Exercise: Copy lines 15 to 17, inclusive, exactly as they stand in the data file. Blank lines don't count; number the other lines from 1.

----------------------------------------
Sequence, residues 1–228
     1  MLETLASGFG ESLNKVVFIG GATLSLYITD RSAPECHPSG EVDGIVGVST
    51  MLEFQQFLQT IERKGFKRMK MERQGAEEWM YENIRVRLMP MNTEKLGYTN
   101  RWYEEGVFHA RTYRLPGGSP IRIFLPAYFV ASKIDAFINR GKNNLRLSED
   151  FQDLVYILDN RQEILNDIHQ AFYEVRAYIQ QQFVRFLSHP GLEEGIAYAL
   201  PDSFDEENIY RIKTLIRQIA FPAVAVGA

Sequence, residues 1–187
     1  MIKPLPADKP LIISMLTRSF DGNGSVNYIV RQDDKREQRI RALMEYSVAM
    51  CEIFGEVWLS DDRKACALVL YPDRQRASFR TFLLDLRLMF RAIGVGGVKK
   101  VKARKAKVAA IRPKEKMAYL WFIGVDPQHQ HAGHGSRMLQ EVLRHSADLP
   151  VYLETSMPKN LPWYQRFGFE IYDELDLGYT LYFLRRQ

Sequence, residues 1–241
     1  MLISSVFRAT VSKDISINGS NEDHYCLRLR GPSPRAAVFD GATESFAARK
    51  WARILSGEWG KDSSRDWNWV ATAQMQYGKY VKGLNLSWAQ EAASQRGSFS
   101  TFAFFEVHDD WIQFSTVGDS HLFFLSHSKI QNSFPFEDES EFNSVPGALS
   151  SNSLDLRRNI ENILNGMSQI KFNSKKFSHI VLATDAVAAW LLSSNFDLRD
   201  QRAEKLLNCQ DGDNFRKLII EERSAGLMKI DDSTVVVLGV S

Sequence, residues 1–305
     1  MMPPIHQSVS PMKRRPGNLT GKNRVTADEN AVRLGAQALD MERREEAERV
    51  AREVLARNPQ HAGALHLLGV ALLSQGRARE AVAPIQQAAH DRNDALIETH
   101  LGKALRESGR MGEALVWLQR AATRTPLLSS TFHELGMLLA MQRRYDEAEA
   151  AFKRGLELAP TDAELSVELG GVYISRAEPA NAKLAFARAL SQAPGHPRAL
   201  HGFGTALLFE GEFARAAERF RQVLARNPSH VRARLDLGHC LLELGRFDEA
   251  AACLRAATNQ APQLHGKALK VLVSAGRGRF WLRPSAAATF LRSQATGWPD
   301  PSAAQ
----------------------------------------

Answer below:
   101  TFAFFEVHDD WIQFSTVGDS HLFFLSHSKI QNSFPFEDES EFNSVPGALS
   151  SNSLDLRRNI ENILNGMSQI KFNSKKFSHI VLATDAVAAW LLSSNFDLRD
   201  QRAEKLLNCQ DGDNFRKLII EERSAGLMKI DDSTVVVLGV S